A. I think so. I've actually allowed a lot of stuff in that was never meant to see print -- past and present.
Q. Anything in particular planned to be included in this book that you are specifically excited about?
A. Any work that is unencumbered by copy. Now people can see the composition as it was meant to be seen -- the way I saw it.
Q. Is there a specific piece or pieces from a project that you personally wanted to be included in this book? Why?
A. I've sent Todd a bunch of concept sketches in the past -- goofy stuff that I'd doodled. I'm hoping my fans will find them entertaining.
Q. A lot of comic companies have included items such as variant covers or extra content only available in a specific printing of a book. Will there be any "exclusive" content in this book?
A. Yeah, I guess. I think there's some stuff that I'd rejected -- deeming the work not good enough for print. Yes. I'm human. Every drawing I do isn't always good.
How excited are you about Spawn/Batman?
A. Duh. (Very!)
Q. It has been awhile since you have done sequential art. Your past work was always strong in storytelling and overall appearance. But the majority of your recent work has been covers, pinups, or character designs. Does getting back to doing sequential art in Spawn/Batman take a bit of getting used to, or were you able to hit the ground running?
A. Well, I must admit that I was filled with self-doubt at first. However, it comes back to you rather quickly. If anything, I'd imagine my speed will be diminished somewhat. Rest assured, I plan on kicking some major ass.
Q. How do you feel about working with Todd on a comic book again?
A. Let me put it this way. I refused to sign up for this project unless Todd was my partner.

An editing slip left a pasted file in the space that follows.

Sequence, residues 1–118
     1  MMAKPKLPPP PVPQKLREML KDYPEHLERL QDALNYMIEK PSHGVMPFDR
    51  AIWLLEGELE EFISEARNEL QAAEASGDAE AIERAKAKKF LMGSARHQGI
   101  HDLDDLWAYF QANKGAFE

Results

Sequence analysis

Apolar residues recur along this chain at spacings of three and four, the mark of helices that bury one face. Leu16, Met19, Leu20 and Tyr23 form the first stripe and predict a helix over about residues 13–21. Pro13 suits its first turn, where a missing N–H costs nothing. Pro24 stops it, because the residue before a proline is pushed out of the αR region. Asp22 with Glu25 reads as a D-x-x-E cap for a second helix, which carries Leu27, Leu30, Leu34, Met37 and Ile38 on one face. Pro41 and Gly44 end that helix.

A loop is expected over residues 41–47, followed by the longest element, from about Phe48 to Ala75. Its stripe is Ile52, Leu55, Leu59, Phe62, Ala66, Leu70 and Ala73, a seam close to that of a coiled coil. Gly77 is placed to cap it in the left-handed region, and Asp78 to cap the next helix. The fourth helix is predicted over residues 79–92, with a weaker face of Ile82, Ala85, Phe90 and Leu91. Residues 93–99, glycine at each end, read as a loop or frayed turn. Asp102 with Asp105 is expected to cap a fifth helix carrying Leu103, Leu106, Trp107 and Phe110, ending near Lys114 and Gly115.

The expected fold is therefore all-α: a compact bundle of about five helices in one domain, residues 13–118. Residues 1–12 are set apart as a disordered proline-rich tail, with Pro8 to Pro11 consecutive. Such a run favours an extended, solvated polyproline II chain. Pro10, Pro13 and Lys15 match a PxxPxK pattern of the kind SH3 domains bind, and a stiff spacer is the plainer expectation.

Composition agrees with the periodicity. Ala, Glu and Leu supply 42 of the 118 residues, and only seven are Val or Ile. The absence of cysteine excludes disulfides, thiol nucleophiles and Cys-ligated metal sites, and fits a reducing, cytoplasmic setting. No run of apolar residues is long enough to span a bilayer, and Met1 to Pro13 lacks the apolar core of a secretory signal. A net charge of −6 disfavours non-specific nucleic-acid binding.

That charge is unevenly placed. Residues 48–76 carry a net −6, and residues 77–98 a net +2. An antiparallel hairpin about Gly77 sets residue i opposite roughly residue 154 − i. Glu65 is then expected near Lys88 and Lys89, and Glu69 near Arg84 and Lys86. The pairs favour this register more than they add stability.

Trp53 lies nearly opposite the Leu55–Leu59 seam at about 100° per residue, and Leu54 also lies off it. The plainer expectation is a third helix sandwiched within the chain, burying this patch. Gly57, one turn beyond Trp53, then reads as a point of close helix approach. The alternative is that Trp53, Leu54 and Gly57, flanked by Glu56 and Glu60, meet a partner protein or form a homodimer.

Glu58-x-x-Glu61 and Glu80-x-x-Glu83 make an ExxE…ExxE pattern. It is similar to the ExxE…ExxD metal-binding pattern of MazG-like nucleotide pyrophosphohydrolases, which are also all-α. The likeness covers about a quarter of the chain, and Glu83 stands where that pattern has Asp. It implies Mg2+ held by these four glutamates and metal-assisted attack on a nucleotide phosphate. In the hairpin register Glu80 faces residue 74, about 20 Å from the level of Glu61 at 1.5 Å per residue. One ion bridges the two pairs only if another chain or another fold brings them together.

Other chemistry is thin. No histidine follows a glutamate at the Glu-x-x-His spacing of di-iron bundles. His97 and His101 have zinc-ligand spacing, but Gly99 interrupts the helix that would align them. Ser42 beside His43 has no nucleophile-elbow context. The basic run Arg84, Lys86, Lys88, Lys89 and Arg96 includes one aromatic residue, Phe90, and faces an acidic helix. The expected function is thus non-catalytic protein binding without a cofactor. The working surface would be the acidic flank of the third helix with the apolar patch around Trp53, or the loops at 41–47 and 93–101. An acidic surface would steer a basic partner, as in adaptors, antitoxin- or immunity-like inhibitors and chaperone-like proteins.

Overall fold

Q. Is there anything you would like to add about Spawn/Batman?
A. Buy it.
FAN QUESTIONS FROM THE SPAWN.COM MESSAGE BOARDS
Q. Are there any plans for either a continuation or a new story based on your creation, The Creech?
A. If I can ever get my shit together. Life kicked my ass so hard that I lost myself ... totally. I still think about finishing the Creech saga. Just gotta get my bald head straight first.
Q. Any thoughts or plans on releasing a digitally painted comic?
A. I've actually considered finishing The Creech up digitally. The problem with that is, if I were to put out a collected version (trade paperback) it wouldn't have a seamless look to it. Maybe I could do select scenes digitally. That might work.
Q. How do you feel about your contributions to Spawn?
Q. When you draw backgrounds in your sequential work, how do you go about finding reference material?
A. Those days are long gone. It was very rare for me to use refs. This is why I say draw the world around you. The brain is your personal hard drive. It saves the file every time you draw something. However, for those who aren't there yet, the Internet is a fantastic resource. Just Goo-Goo-Google it, baby...
Q. Do you have a favorite piece you have worked on? Is there a certain piece of work you've done that has a more significant meaning to you than other works?
A. I've done too many works to narrow it down to a single piece. As for significant meanings... I suppose the "self portrait" would qualify.